* Eighth note – Ti Ti
      * Half note – Ta – a

Read a few rhythms that are written out on posterboard. Practice chanting them. Also practice clapping them, pulsing hands on silent beats.

Example: In the song London Bridges, each word is a beat. So if the words have two syllables, then each syllable is an eighth note. The words with one syllable are each quarter notes.

There are generally four beats in a measure. I made flashcards with four beats. We can rearrange them to play in different order. Chanting with ta and ti ti help get the concept of rhythm but it is also good to teach them to count beats within a measure. So, I have included both ways of chanting the beats.

Tuesday, September 28, 2010

Every Day a Song

I often find myself breaking out into song. Something in ordinary life just reminds me of a phrase from a song and I just have to sing it. So I'm always singing to my children. I probably get that from my mom, who used to wake me up singing, “Good morning, Chris, how are you? I hope you're feeling fine ...” from the Veggie Tales movie Rack, Shack and Benny.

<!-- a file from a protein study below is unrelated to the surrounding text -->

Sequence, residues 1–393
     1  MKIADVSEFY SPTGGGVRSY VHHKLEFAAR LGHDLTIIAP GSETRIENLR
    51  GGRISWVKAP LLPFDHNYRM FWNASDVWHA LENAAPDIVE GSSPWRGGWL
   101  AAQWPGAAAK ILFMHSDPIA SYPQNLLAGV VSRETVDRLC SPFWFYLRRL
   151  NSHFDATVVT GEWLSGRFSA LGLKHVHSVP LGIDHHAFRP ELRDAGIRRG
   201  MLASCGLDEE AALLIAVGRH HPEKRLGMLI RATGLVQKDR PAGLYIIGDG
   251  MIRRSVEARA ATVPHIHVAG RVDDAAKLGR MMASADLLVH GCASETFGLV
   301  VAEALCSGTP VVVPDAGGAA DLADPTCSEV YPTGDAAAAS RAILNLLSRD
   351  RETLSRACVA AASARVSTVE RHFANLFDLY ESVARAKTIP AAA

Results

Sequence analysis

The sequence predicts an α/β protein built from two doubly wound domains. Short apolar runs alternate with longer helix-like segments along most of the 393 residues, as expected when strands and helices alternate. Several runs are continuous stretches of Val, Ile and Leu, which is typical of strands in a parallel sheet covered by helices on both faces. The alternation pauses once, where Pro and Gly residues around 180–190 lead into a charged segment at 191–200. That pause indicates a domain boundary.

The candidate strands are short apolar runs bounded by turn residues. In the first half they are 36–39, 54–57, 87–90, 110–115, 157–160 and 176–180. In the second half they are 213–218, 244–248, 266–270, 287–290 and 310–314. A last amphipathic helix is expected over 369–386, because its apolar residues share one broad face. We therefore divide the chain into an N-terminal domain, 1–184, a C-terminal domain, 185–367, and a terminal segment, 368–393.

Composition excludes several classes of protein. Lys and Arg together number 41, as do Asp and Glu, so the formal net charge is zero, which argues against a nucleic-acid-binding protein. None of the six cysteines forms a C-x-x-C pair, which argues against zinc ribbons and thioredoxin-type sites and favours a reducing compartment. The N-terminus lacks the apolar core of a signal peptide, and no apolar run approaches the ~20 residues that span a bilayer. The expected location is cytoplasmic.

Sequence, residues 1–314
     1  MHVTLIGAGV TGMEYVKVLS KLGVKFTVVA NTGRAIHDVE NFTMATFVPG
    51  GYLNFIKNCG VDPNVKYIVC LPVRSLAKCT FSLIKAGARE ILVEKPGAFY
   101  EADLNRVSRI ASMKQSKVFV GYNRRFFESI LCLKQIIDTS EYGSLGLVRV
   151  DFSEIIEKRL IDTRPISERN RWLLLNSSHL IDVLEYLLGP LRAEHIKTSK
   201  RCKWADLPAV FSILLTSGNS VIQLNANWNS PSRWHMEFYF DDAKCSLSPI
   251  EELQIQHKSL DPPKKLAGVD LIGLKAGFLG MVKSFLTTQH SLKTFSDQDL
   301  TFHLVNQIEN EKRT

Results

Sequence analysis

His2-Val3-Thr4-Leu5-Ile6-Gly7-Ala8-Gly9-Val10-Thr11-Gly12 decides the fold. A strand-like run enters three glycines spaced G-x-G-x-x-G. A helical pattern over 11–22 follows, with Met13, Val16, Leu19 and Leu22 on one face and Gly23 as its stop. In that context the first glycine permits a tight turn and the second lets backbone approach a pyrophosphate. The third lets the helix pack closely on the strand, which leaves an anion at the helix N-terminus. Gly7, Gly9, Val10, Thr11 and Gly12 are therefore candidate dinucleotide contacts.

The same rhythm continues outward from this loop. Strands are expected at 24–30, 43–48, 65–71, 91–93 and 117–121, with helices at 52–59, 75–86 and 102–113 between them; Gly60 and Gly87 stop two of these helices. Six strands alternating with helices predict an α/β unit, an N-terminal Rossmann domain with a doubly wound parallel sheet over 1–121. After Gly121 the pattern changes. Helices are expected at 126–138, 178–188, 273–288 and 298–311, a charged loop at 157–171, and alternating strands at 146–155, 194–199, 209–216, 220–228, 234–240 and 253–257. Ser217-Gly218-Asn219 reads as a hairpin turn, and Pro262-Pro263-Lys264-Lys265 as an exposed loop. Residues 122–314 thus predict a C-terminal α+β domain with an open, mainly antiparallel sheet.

So, here are a few songs that we just sing as life happens: Splish Splash I was Taking a Bath, Rock around the Clock, Chantilly Lace (that starts out “Hello, Baby”), Sunshine Day, (from the Brady Bunch, I think I'll go for a walk outside now...), Yakety Yak, Don't Talk Back, Lollipop, Ghostbusters (the theme song, who are you going to call?) Hmmm. So far all these songs are old songs, probably the songs my parents were singing to me... Of course, I'm always singing songs from Sound of Music as well.